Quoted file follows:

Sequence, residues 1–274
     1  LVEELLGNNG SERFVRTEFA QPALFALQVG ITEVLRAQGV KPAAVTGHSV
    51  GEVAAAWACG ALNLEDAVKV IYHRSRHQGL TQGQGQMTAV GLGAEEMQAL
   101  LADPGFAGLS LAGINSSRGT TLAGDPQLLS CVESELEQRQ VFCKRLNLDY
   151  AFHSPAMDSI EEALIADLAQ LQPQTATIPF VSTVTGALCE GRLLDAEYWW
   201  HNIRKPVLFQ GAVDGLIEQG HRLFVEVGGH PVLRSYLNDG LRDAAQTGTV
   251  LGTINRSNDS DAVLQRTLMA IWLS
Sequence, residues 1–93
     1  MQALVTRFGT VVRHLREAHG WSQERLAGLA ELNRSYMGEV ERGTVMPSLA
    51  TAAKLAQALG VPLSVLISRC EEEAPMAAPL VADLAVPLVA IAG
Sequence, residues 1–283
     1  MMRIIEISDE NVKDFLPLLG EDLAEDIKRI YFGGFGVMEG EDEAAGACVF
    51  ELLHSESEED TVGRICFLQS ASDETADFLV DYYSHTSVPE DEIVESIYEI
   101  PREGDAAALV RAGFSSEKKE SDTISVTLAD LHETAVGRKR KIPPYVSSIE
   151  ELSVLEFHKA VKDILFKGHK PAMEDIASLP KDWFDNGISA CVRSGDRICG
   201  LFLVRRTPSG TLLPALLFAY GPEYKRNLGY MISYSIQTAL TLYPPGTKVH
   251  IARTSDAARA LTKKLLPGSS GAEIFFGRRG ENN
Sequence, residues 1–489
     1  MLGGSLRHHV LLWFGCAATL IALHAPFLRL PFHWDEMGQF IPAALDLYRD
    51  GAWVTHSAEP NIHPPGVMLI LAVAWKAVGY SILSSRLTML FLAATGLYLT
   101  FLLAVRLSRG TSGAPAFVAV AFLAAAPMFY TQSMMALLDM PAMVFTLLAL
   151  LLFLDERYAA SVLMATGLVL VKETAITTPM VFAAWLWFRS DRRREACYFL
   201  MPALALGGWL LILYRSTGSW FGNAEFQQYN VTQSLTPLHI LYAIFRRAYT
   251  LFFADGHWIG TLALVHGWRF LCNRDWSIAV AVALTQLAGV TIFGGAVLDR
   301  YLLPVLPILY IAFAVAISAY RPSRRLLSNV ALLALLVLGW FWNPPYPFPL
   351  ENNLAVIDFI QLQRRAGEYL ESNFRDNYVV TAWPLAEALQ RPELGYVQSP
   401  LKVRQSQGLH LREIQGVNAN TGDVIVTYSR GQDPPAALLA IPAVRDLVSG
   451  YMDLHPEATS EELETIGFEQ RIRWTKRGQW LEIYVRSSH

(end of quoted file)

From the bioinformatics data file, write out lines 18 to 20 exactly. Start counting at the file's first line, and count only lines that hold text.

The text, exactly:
Sequence, residues 1–489
     1  MLGGSLRHHV LLWFGCAATL IALHAPFLRL PFHWDEMGQF IPAALDLYRD
    51  GAWVTHSAEP NIHPPGVMLI LAVAWKAVGY SILSSRLTML FLAATGLYLT